Marijuana has been in the decriminalization process since 1973 with many states over the years passing laws to either authorize the use of marijuana or prohibit it. It is time to stop treating marijuana like a deadly drug, when science and public opinion agree that it is relatively safe for adult recreational and medical use. With recreational and medical marijuana on the verge of nationwide legalization, marijuana growers and dispensaries and grow facilities popping up everywhere.

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U.S. Sen. Kamala Harris announced a broad criminal justice policy overhaul as part of her presidential campaign Sept. 9, and cannabis legalization is a key component.

Harris’ plan targets the war on drugs as an overarching concept—something she plans to end outright—and she homes in on cannabis legalization as a stepping stone in that direction. Her plans include: “support states in legalizing marijuana; legalize marijuana on the federal level, expunge convictions, and reinvest in the community.”

While Harris has been criticized for playing a prosecutorial role in the war on drugs as California attorney general, she’s used her presidential campaign to lend vocal support to the ongoing reform movement. Harris is hovering around the seven- and eight-percent mark in most Democratic polling averages, according to fivethirtyeight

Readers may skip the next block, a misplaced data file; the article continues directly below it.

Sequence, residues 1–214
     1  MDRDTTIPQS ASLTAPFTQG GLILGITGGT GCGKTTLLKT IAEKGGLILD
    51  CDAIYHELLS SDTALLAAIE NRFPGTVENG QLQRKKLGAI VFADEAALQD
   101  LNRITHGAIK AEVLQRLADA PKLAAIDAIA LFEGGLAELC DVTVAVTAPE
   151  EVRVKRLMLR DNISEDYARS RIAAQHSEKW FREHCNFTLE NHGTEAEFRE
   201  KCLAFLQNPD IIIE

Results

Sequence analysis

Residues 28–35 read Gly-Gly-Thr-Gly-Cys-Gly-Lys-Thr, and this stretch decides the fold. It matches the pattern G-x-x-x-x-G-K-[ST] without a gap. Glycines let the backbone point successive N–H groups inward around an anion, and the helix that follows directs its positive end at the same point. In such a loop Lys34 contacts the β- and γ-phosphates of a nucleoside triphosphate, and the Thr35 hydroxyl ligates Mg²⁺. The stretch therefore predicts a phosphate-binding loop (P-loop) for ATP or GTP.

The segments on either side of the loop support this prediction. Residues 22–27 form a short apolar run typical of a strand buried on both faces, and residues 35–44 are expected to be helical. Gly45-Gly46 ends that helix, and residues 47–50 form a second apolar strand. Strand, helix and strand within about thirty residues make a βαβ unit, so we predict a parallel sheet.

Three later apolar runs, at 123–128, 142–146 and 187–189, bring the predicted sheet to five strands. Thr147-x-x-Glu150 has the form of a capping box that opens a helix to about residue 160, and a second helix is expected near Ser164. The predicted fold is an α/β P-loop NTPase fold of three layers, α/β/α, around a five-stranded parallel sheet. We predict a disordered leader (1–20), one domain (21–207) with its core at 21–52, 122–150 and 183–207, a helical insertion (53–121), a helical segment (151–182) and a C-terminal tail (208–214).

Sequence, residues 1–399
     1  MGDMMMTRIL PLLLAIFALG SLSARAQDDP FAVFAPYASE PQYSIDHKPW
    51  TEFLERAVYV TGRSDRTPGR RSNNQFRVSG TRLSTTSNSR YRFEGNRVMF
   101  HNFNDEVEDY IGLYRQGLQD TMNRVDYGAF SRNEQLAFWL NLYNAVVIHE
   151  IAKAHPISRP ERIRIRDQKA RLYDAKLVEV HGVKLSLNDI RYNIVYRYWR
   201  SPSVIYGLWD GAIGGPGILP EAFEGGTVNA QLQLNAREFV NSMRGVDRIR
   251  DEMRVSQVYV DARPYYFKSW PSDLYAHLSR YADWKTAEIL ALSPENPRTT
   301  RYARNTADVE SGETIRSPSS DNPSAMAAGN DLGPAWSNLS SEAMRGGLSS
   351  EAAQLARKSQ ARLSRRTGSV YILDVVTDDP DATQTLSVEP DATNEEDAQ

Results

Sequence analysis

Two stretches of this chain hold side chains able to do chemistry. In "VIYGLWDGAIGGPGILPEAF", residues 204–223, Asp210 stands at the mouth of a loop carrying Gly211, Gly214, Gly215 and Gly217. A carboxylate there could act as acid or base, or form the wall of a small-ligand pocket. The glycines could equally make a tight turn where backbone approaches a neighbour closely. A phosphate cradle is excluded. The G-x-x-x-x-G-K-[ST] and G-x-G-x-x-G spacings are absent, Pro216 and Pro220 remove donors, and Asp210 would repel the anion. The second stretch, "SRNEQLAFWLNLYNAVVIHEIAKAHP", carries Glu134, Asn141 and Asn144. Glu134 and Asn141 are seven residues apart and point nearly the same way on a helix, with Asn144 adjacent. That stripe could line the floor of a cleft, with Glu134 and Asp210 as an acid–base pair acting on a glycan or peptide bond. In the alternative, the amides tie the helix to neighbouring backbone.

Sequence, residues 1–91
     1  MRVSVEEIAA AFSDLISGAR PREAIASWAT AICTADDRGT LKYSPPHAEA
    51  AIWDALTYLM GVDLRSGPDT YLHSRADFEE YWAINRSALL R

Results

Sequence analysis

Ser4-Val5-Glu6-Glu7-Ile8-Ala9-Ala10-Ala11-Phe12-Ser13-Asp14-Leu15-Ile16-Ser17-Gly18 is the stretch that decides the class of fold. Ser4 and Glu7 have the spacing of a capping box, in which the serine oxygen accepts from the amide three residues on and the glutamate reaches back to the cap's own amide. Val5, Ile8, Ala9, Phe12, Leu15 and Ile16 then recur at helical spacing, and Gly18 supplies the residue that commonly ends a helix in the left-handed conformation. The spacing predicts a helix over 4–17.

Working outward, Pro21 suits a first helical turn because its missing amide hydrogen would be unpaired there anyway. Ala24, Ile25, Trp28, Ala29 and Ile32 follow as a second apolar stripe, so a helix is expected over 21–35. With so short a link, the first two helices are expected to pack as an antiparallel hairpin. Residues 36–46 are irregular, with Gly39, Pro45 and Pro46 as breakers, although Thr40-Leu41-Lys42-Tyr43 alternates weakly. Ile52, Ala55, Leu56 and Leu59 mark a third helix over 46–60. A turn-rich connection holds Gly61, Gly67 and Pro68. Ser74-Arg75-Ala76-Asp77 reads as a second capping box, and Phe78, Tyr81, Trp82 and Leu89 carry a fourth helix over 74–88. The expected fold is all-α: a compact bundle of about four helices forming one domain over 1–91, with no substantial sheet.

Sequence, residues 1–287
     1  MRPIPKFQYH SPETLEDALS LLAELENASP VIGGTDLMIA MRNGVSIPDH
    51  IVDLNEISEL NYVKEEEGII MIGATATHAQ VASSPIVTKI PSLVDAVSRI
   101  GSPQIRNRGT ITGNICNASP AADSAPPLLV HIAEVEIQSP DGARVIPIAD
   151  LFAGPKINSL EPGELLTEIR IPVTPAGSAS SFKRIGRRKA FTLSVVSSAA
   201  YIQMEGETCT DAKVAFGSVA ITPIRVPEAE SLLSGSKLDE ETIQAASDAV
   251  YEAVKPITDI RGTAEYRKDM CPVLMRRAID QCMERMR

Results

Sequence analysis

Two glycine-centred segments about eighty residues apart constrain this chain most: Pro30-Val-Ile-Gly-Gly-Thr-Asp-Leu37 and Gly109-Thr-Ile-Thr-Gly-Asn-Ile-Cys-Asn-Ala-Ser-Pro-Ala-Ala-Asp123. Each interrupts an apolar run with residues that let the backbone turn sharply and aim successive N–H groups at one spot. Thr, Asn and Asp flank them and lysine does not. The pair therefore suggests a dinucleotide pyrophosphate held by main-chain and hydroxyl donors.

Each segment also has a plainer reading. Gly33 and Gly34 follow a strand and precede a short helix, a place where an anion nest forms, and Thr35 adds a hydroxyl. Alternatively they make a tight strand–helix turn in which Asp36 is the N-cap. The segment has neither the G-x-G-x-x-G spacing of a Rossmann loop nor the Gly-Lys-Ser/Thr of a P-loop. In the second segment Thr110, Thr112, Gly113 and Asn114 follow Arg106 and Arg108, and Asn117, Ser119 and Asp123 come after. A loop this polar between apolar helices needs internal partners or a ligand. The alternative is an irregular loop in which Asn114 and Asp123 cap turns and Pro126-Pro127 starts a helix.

To enact her criminal justice vision and its cannabis tenets, Harris is pledging to:

–       Legalize cannabis at the federal level by removing it from the Controlled Substances Act

–       Require expungement for cannabis-related convictions

–       Create three grant programs by assessing a sales tax on cannabis products

  • Those programs will: provide job training and re-entry services to individuals “most adversely impacted by the War on Drugs,” provide states and municipalities with funds for small business loans in the cannabis industry (specifically for businesses “owned and controlled by socially and economically disadvantaged individuals”) and provide funds for programs that minimize barriers to entry for those same individuals who are seeking employment or licensing in the cannabis industry.

“It is past time to end the failed war on drugs, and it begins with legalizing marijuana,” Harris wrote in a public statement. “Marijuana arrests account for over 50 percent of all drug arrests. Of the 8.2 million marijuana arrests between 2001 and 2010, 88 percent were for simple marijuana possession. Worse, despite roughly equal usage rates, black people are about four times more likely than white people to be arrested for marijuana.”

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